Airbrush tutorial, tips for better airbrushing – Short Guide Plastic Models

Airbrush tutorial, tips for better airbrushing – Short Guide Plastic Models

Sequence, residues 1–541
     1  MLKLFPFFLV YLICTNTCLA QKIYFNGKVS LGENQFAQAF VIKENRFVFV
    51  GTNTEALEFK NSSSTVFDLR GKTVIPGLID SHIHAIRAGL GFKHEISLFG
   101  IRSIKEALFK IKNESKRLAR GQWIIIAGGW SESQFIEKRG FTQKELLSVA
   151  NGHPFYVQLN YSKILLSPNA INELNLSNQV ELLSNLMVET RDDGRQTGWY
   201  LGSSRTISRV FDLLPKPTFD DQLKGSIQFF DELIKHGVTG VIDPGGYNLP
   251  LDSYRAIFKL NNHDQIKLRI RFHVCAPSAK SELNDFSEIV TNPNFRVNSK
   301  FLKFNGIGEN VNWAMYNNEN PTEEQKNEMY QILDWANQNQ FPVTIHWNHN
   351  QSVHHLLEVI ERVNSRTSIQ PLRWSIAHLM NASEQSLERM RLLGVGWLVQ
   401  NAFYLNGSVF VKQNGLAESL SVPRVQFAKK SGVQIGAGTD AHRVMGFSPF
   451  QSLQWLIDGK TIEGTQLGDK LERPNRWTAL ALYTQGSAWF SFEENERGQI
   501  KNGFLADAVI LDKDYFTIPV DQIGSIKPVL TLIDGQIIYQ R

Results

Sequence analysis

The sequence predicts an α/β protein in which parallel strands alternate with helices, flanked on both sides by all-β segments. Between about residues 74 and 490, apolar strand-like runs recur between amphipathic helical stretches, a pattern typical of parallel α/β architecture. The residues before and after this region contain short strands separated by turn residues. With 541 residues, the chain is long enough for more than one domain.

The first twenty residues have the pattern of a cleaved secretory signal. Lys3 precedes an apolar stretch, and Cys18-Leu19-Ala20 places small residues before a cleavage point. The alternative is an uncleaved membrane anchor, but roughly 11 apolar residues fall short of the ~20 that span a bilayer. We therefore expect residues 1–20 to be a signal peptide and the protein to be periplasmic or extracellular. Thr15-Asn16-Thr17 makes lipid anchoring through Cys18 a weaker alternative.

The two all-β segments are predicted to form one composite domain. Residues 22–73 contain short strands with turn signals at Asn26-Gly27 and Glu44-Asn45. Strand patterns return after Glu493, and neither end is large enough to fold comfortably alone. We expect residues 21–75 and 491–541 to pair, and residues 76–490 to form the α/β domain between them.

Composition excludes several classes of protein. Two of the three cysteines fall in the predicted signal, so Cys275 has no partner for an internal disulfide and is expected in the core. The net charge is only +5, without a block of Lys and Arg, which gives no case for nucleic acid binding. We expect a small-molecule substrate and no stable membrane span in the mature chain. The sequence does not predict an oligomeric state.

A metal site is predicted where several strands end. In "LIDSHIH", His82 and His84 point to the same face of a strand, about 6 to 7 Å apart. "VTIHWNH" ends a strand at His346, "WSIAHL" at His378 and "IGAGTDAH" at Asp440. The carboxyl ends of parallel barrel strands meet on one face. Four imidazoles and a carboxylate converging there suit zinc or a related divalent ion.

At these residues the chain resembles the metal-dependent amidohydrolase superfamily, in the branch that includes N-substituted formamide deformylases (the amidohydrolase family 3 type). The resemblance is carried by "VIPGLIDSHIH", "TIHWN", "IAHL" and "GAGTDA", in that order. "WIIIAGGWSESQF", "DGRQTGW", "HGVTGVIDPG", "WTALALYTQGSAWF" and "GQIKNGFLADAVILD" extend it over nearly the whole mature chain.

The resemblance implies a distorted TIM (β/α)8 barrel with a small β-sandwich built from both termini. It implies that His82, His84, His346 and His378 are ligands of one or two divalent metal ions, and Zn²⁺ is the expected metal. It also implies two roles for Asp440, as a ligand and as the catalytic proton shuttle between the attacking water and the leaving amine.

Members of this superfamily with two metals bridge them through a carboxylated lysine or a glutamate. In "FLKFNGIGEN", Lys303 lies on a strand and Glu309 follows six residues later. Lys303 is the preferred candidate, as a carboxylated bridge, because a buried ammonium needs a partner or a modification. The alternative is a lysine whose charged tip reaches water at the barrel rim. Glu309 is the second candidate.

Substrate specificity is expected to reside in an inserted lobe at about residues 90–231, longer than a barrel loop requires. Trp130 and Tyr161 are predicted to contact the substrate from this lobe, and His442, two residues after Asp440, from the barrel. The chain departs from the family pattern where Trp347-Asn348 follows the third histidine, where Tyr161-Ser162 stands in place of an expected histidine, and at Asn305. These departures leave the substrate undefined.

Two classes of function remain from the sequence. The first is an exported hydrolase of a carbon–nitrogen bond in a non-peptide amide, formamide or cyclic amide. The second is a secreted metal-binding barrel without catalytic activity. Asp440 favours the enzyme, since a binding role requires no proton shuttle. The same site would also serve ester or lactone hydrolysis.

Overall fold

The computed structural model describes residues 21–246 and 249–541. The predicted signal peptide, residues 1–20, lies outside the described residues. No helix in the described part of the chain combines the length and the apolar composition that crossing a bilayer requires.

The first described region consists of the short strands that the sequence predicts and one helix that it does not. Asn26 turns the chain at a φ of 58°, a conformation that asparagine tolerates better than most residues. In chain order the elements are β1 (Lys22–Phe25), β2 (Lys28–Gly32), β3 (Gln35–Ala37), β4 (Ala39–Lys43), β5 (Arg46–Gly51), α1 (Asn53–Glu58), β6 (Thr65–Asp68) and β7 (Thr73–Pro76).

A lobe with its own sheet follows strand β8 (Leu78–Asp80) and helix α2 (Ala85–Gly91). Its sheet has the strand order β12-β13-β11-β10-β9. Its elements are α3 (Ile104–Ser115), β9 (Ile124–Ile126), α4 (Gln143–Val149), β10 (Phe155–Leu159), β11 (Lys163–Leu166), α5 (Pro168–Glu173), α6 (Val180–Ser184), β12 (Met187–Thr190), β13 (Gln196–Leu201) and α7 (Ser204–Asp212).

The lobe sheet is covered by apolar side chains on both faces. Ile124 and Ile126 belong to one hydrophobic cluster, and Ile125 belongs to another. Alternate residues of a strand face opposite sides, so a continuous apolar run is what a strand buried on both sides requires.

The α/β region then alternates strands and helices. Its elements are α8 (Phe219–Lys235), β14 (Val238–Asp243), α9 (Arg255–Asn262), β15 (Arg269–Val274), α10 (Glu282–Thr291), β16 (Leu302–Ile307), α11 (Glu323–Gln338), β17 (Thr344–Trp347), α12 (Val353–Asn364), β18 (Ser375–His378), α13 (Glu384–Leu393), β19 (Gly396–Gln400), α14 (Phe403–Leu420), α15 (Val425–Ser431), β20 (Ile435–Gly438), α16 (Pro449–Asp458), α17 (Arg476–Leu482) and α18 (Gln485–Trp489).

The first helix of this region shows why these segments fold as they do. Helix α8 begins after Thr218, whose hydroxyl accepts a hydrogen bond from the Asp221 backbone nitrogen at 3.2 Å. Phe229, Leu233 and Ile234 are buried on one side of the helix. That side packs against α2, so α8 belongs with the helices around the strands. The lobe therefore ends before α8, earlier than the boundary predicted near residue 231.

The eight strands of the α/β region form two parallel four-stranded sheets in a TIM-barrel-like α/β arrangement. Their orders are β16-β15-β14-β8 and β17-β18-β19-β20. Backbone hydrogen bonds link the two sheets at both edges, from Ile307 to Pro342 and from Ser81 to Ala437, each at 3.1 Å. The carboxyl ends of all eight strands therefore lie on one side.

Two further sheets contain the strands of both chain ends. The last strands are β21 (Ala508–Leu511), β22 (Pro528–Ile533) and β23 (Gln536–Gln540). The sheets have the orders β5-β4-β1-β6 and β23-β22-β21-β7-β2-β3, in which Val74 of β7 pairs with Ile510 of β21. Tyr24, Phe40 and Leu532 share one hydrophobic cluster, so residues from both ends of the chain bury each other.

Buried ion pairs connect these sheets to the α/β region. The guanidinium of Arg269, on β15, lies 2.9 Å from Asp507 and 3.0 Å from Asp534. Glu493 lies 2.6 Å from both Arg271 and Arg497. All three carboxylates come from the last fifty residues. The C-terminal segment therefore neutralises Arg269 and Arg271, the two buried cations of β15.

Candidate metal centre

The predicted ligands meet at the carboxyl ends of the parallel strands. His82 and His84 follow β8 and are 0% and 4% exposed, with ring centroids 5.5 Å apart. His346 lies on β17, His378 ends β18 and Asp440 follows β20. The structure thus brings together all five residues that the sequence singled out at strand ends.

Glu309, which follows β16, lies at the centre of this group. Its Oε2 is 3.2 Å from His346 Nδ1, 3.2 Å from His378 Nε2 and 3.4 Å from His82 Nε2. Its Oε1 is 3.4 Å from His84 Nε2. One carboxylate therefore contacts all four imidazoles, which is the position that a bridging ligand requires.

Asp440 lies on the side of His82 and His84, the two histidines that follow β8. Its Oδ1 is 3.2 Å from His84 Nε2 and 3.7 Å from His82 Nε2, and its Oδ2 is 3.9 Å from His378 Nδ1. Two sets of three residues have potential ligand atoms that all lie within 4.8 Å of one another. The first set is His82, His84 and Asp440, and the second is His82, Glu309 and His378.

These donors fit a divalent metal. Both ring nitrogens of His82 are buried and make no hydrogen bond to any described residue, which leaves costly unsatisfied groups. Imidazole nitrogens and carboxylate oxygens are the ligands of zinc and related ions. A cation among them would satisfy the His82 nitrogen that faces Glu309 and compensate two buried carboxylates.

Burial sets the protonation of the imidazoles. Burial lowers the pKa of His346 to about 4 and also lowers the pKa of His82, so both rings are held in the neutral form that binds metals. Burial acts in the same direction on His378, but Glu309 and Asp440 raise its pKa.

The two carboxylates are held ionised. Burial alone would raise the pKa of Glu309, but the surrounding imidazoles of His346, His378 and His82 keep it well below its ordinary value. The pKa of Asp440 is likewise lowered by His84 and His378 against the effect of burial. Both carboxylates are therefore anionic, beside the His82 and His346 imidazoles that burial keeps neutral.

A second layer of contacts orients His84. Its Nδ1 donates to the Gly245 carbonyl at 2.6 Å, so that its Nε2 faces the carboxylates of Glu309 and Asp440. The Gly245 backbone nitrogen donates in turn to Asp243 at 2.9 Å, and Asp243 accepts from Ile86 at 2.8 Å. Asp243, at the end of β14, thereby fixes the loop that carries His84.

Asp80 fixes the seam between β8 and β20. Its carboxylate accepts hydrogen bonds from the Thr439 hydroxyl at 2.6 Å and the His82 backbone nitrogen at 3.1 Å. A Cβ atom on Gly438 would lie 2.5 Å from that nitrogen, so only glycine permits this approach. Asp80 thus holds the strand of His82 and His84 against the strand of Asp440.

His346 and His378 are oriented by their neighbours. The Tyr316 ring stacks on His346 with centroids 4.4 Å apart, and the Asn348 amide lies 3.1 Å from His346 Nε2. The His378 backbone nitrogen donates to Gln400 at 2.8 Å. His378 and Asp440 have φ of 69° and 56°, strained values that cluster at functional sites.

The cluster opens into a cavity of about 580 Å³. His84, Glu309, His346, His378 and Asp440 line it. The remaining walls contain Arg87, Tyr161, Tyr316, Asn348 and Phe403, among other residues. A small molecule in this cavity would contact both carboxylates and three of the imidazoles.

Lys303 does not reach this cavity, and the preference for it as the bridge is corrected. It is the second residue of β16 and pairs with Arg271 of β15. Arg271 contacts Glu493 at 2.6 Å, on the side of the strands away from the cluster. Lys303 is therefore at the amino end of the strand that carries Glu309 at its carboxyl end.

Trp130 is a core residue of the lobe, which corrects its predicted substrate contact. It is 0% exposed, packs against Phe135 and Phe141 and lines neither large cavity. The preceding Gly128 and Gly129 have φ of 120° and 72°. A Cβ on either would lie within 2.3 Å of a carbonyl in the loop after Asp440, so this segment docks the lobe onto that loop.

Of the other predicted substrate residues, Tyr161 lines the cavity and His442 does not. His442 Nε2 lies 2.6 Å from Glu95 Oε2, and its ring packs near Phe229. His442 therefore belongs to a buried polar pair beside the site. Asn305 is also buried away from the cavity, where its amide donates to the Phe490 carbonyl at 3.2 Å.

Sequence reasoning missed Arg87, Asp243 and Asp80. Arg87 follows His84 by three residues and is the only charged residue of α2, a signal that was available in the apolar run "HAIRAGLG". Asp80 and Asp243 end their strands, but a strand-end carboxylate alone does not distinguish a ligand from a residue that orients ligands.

Hello, friends. Today’s short guide is about basics of airbrushing and spraying larger areas. I mostly paint my models with Tamiya acrylic colors. In this video, I am using olive color for illustrative purposes. However, if you think of diluting the paint with water, then quickly forget it. You will never achieve perfect results with water. I rather use original Tamiya X-20A thinner, but you can use ordinary ethanol too. I do not know the precise thinning ratio because all the shades require a different amount of thinner, and it depends on the size of airbrush nozzle too. Now, I add the magical ingredient, which is a paint retarder agent. Just a few drops. I use Tamiya Retarder to prolong paints drying time and to avoid forming paint dust on the model’s surface. And now let’s go to work with the airbrush. Most of the classic airbrushes are double action. It means that by moving the trigger forward and backward, you control the amount of paint and diameter of sprayed circle, and by pressing and releasing the trigger, you regulate the pressure. Both actions must be properly combined. Before you start spraying, it is good to check paint dilution on a piece of plastic plate. Which are the most common mistakes? If I pull the trigger toward myself, then there is the maximum amount of paint in the nozzle and low pressure. The result is that the paint splatters. Another mistake. The quantity of paint is fine, but I have big pressure over 2.5 bars, which blows the paint away. The result is that the paint spills to all the directions. Now we have the correct pressure of 2 bars and a reasonable amount of paint, but it is too much diluted. I try to make a consistent layer. The result is that the paint spills to all directions and creates waves. Now the absolute opposite. The paint is poured directly from the can without dilution. The result is that the first layer coats everything, but it creates an inconsistent coarse layer. This is how it looks like in detail. Ok, I showed you the basic mistakes, but the question is how to do it correctly? Do not try to coat the plane with just one layer. Usually, I spray 3 or more very thin layers. The first layer should be sprayed only lightly and it should stay very transparent. Thus, you create a base coat for the next layer. The next one will adhere to the model’s surface much better and the paint will not spill away. The second layer already partially covers the gray plastic The third layer should be already the final one, but it isn’t still fully opaque. Only the fourth finishing layer coats everything properly. Paint dries after 10 minutes, but if you use a hair dryer, you can apply another layer already after a few seconds. The coat of paint is perfectly smooth, not coarse. Only sometimes it is suitable to use a retarder. Some paints dry too fast and droplets of paint dry before reaching the model’s surface, which creates a coarse layer of paint. You do not need to throw the plastic plate away when the paint dries. Just use technical alcohol and wash it with a piece of cloth. I often do a paint consistency check if it is well diluted. I smear a drop of paint on a plastic plate and if it is transparent and looks like a watercolor, then it’s ok. If it is opaque and adheres to the plastic plate, then it is wrongly diluted and it is going to form paint splatters during airbrushing. And that’s all for today. I hope this tutorial is going to help you improve your own airbrushing skills. Good luck and thanks for watching.

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